Fiona -  
Yes!
Why can't SINGARS be jammed?

Jeff - 
SINGARS can't be jammed. Essentially they don't transmit on any one frequency. While they are transmitting they change frequency 111 times per second. Of course, they have to be synced to another sincgar to do it. But because you can't know what freq their on, you can't jam them.

Fiona -
Thank you.

Here on ThrillWriting it is tradition to tell the story behind your favorite scar. Would you indulge us?

Jeff -
Sadly, most of my scars are less than fun stories. But if I had to pick a favorite... One time in high school a kid who hated me threw a quarter stick of dynamite at me. It went off an inch from my shin. Shredded my pants and dented my shin bone. The skin is still discolored and you can feel the indent behind it.

Fiona-

Kids in your school threw dynamite? What??? 

Jeff - 
I didn't like school, to say the least.


Fiona - 
Goodness. Well, since that time, now you are writing under the
beautiful name Cassandra Sky West. And your books are doing really well. One of them you've recently put on sale and our readers can snag it for only 99 cents!

WITH THE DAWN
Alexi Creed needs to know who murdered her, and why. When she wakes up with no memory of her previous life, the only clue she has is a sudden, undeniable thirst for human blood. She finds allies in a mysterious witch with an enigmatic warning of the future and a brooding werewolf in search of redemption. Together they must fight malevolent vampires, agents of the Arcanum, and the forces of darkness if she is going to uncover her past and save the world from a night that will never end. READ IT HERE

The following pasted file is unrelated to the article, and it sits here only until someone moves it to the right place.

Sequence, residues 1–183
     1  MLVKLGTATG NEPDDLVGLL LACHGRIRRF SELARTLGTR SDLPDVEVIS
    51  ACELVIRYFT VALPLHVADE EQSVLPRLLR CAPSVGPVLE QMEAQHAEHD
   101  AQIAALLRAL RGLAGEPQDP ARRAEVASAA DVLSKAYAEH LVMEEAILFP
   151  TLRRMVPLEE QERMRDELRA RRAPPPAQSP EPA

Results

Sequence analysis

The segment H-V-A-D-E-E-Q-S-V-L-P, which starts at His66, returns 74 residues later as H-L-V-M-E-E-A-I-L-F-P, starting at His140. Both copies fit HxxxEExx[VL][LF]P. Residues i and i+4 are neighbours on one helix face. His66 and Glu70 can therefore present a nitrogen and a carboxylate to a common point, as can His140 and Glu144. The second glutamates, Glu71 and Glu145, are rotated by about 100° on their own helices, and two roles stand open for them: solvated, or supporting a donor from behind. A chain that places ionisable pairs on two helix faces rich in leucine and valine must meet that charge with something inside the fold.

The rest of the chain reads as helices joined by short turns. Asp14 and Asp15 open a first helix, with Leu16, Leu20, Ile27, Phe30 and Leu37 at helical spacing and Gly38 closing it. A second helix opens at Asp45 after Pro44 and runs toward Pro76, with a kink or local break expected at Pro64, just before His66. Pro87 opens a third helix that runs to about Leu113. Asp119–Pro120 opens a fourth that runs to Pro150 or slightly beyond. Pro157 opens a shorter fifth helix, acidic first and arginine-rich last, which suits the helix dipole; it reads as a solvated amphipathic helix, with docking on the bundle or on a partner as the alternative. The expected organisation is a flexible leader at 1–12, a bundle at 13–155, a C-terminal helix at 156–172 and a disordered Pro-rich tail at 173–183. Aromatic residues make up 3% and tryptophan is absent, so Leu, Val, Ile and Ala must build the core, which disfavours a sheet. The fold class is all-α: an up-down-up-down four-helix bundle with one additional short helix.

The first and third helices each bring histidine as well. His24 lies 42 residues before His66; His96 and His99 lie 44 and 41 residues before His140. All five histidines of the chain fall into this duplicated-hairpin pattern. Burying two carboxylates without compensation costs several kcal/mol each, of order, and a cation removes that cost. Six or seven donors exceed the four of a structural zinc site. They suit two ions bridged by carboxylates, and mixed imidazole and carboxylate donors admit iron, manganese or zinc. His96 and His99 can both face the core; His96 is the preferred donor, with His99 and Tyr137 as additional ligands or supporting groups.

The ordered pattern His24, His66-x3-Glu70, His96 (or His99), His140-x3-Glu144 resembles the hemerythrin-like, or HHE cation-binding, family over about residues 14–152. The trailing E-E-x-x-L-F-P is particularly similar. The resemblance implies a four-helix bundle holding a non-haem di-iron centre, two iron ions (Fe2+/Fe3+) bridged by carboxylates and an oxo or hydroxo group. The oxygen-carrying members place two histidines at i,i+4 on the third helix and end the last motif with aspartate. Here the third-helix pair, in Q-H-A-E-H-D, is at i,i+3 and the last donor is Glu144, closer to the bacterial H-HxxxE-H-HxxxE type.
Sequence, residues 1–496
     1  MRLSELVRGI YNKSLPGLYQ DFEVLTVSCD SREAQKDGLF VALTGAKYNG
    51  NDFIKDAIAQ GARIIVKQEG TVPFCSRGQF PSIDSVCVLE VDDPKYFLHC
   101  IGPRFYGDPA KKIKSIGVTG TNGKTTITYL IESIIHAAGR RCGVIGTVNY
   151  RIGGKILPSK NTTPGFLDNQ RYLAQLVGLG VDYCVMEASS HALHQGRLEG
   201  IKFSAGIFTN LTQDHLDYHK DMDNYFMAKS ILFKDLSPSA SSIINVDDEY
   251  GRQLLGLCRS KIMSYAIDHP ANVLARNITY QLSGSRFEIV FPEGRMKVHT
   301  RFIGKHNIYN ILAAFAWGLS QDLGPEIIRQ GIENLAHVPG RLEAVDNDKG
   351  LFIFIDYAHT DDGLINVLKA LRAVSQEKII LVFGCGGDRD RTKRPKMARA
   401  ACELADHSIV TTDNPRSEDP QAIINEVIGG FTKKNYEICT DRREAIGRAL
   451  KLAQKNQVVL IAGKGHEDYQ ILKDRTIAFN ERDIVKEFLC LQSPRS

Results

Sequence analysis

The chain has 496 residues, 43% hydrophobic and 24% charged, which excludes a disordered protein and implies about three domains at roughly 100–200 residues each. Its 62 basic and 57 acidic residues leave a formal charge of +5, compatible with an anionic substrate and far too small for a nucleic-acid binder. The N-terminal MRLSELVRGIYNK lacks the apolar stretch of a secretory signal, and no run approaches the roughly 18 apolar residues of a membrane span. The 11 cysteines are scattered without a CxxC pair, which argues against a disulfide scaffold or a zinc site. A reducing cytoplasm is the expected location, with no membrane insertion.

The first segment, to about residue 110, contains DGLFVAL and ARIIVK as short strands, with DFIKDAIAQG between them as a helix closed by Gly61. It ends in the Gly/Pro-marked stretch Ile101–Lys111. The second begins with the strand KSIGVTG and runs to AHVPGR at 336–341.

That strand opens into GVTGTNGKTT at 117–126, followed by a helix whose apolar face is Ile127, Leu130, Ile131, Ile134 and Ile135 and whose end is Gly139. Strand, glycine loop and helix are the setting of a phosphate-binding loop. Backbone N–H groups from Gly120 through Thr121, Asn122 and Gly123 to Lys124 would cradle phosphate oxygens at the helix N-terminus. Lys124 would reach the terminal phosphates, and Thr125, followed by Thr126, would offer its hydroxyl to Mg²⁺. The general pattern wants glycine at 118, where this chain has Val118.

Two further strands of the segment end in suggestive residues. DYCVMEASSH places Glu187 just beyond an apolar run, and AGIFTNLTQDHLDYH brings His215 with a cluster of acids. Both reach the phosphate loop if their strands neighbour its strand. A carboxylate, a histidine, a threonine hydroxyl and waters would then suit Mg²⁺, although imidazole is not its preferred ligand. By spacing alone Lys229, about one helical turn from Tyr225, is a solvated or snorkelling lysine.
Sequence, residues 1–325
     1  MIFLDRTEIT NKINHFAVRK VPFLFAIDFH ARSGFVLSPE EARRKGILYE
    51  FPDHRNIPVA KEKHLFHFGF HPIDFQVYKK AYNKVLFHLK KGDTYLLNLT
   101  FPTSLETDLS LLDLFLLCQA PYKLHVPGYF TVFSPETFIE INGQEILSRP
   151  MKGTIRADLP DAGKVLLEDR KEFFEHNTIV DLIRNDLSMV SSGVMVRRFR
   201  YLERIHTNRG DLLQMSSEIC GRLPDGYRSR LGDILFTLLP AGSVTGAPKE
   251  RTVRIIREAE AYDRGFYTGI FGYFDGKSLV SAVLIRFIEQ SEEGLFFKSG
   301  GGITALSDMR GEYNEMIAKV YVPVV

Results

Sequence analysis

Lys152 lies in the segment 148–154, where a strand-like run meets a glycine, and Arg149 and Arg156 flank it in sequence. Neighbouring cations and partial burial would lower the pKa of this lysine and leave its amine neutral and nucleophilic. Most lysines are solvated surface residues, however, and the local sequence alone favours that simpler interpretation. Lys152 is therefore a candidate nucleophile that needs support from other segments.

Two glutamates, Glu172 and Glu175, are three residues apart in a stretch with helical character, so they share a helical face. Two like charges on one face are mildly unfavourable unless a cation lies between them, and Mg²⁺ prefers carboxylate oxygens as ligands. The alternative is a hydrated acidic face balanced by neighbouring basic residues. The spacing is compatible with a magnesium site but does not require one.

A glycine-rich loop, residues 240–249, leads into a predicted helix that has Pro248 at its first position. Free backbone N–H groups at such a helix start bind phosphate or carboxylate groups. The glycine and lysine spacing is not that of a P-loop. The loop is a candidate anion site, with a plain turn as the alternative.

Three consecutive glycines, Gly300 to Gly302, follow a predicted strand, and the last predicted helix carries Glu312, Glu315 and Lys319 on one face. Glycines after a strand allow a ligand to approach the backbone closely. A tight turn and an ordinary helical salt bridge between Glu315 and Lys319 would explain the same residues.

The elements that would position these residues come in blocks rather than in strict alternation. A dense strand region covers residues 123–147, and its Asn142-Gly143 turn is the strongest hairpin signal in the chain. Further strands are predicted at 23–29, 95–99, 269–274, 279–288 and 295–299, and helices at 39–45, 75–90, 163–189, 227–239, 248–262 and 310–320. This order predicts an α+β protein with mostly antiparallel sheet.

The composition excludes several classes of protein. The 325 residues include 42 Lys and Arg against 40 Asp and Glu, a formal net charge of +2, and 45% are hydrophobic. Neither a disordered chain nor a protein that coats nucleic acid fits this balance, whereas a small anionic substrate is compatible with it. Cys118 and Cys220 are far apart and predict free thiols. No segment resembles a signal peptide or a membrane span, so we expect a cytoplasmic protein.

A big thank you to Jeff AKA Cassandra Sky West for visiting with us and helping us to understand this subject so we can write it right.

You can stay in touch with Jeff/Cassandra here:
http://cassandraskywest.com/  

Sunday, August 31, 2014

Domestic Terrorism: Information for Writers with Cpl. Allen Norton



______________________________________________________________________________

DISCLAIMER - This is a non-political site that is geared to help writers write it right. I am presenting information to help develop fictional characters and fictional scenes. In no way am I advocating any position or personal decision.




ThrillWriting is pleased to welcome back Corporal Allen Norton. Cpl. Norton graduated from the University of Massachusetts-Lowell with a certification in Homeland Security and also graduated from Columbia Southern University with a degree in Criminal Justice. He attended the National Center for Bio-medical Research and Training through Louisiana State University and recently graduated from the University of St. Andrews, and obtained a Global Certification as a Terrorism Specialist. In addition, he is a recognized Certified Homeland Protection Professional (C.H.P.P.) Cpl Norton obtained this certification through the National